Wartime Tea Making Tips, c.1941

Drinking a cup of tea in London during the Blitz

In 1941 wartime England, the country was going through some of its darkest days. Believe or not, the simple cup of tea was extremely important to everyone, not only as a comforting solace, but as a means of reviving the spirit as well.

But even in time of war, not just any cup of tea would do – it had to be a proper cup of tea. In order to help those working in mobile canteens learn the rules of making the best cup of tea possible for troops and bombing victims alike, a short training film was created. Fortunately, this tea video survives in the BFI National Archive, and I thought you would like to see it.

 

 

As you watch the video, look for the poster on the wall behind the mad scientist tea instructor that says Tea Revives the World. The print became a rallying cry during the war, reminding people that tea would help them Keep Calm and Carry On. I’ll be talking more about the Tea Revives the World poster in the future.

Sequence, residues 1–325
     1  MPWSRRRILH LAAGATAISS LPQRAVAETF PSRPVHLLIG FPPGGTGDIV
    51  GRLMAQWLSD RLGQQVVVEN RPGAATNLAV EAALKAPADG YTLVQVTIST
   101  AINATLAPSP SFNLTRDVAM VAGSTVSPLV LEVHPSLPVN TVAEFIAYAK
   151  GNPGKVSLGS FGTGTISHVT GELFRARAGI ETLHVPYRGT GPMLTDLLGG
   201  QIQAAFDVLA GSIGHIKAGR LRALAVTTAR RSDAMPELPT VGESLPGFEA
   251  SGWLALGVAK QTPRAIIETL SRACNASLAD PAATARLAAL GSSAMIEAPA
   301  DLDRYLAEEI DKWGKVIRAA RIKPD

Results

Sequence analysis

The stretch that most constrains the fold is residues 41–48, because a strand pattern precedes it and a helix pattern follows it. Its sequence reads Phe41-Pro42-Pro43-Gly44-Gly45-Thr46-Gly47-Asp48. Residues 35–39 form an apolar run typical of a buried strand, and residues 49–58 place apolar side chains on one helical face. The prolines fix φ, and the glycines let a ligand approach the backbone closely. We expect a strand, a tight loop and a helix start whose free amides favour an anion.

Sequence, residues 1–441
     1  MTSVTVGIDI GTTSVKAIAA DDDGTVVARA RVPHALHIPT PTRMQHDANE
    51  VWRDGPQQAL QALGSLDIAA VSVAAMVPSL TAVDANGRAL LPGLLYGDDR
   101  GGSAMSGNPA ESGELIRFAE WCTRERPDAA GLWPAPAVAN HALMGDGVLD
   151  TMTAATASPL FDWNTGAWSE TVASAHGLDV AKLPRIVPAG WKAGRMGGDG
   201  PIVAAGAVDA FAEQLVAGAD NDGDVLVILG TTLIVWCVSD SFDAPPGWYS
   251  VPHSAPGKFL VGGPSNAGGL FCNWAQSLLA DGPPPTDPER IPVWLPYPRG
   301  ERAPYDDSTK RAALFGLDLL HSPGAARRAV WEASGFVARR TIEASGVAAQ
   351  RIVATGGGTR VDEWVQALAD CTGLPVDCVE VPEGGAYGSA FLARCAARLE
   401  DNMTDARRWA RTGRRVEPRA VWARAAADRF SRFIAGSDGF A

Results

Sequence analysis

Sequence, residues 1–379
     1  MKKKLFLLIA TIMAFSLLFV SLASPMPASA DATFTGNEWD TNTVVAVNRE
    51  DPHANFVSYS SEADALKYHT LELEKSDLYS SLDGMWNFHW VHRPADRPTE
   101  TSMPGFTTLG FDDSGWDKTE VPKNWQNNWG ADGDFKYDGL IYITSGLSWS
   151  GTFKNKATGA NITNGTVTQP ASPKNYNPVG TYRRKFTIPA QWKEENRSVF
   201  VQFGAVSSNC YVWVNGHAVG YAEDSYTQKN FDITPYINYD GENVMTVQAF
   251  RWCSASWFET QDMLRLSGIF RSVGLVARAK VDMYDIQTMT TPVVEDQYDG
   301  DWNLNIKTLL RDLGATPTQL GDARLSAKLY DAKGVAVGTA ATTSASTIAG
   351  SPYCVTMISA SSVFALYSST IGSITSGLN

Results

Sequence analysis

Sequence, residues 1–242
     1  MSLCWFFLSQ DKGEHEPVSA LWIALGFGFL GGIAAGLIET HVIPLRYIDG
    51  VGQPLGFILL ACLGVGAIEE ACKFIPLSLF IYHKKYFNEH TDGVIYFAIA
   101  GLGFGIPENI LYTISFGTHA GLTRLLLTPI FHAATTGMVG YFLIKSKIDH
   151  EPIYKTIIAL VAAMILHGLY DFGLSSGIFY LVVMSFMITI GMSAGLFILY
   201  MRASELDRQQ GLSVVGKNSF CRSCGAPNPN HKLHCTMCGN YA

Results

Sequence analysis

Five years after this film was produced, George Orwell shared his personal tea-making tips in an essay about how to make a nice cup of tea. Those, and the ones in this video (below), are generally recognised as the golden rules for making tea.

6 tips for making proper tea

1. Always use a good quality tea

2. Always use freshly drawn water

3. Remember to warm the teapot or urn

4. Measure the right quantity of tea for the amount of water in the pot

5. The water must reach boiling point; pot-to-the-kettle, not kettle-to-the-pot

6. Let the tea brew for 5-10 minutes before serving

 

I hope you enjoy this nostaligic, atmospheric video on tea making tips circa 1941. Leave me a comment and let me know.

 

“Make every cup you make, be a cup that cheers.”

 

If you liked this post, please use the buttons below

to share it with others on Twitter, Facebook, and Pinterest.

Thank you!